Hurricane Katrina made landfall August 29, 2005 becoming the costliest ($75 billion) and one of the deadliest (nearly 2,000 human lives lost) hurricanes in U.S. history. With the nation still reeling from Katrina, Hurricane Rita hit on September 24, 2005, causing $10 billion in damage but taking a far less direct toll on human lives. The duo's ecological consequences were also considerable: storm surges flooded coastal areas. Powerful winds felled forests in south Louisiana and Mississippi, havens for wildlife and migratory birds. Saltwater and polluted floodwaters from New Orleans surged into Lake Pontchartrain. Taking stock nearly a year later, experts from the Gulf Coast region will address the storms' ecological consequences and will offer insights on how ecological knowledge can help mitigate damage from future hurricanes.
"Not only is the City of New Orleans built on reclaimed wetlands that have subsided by up to 5 meters, over 25 percent of coastal wetlands disappeared in the 20th century," says John Day (Louisiana State University). Day, one of the symposia's presenters, argues that serious wetland restoration plans must close or restrict the Mississippi River Gulf Outlet, a canal that contributed to the flooding of New Orleans and that disconnects the river from its delta plain. Wetlands help stem storm surges and diffuse powerful winds.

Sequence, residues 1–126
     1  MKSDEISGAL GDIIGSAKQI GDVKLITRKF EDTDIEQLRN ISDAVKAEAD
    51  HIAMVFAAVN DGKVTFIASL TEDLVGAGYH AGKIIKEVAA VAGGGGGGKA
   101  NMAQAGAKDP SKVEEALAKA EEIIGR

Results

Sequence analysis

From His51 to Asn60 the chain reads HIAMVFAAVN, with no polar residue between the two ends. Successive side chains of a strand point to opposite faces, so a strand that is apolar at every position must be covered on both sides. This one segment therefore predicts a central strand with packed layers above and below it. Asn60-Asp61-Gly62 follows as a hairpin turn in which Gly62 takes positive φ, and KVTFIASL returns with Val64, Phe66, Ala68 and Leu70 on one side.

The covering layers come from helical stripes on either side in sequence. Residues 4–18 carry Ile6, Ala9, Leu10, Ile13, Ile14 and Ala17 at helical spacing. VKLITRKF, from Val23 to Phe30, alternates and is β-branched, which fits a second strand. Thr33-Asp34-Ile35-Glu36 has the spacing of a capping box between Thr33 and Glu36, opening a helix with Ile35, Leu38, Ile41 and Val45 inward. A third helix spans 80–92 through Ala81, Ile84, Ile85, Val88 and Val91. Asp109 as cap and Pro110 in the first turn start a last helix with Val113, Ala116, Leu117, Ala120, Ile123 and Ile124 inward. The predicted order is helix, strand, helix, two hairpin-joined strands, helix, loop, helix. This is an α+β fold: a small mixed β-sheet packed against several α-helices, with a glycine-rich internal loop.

Complementing Day's argument, Paul Keddy (Southeastern Louisiana University) believes residents in the Gulf Coast states will have to decide if they want "business as usual" or a dramatic change in the way people accept the limitations and realities of dynamic coastal areas. During his presentation, Keddy will lay out what he sees as the connections between hurricanes, human irrationality, and Gulf Coast ecosystems. "From the American dust bowl to the collapse of the Canadian cod fishery, people have chosen development trajectories that are catastrophic in the longer term," he says.